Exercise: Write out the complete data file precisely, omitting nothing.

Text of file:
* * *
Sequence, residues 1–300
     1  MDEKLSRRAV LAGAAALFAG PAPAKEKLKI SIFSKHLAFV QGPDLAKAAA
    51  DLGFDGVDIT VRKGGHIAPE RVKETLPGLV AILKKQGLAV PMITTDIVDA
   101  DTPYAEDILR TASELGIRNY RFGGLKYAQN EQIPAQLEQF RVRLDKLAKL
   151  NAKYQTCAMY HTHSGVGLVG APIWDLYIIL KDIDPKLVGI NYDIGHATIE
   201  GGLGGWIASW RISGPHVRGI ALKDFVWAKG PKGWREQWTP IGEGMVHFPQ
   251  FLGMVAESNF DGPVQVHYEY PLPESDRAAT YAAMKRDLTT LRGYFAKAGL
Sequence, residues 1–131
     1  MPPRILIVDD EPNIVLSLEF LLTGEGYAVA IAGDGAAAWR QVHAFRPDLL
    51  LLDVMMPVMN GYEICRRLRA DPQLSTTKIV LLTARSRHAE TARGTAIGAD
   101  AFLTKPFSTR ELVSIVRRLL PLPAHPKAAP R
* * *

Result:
Sequence, residues 1–300
     1  MDEKLSRRAV LAGAAALFAG PAPAKEKLKI SIFSKHLAFV QGPDLAKAAA
    51  DLGFDGVDIT VRKGGHIAPE RVKETLPGLV AILKKQGLAV PMITTDIVDA
   101  DTPYAEDILR TASELGIRNY RFGGLKYAQN EQIPAQLEQF RVRLDKLAKL
   151  NAKYQTCAMY HTHSGVGLVG APIWDLYIIL KDIDPKLVGI NYDIGHATIE
   201  GGLGGWIASW RISGPHVRGI ALKDFVWAKG PKGWREQWTP IGEGMVHFPQ
   251  FLGMVAESNF DGPVQVHYEY PLPESDRAAT YAAMKRDLTT LRGYFAKAGL
Sequence, residues 1–131
     1  MPPRILIVDD EPNIVLSLEF LLTGEGYAVA IAGDGAAAWR QVHAFRPDLL
    51  LLDVMMPVMN GYEICRRLRA DPQLSTTKIV LLTARSRHAE TARGTAIGAD
   101  AFLTKPFSTR ELVSIVRRLL PLPAHPKAAP R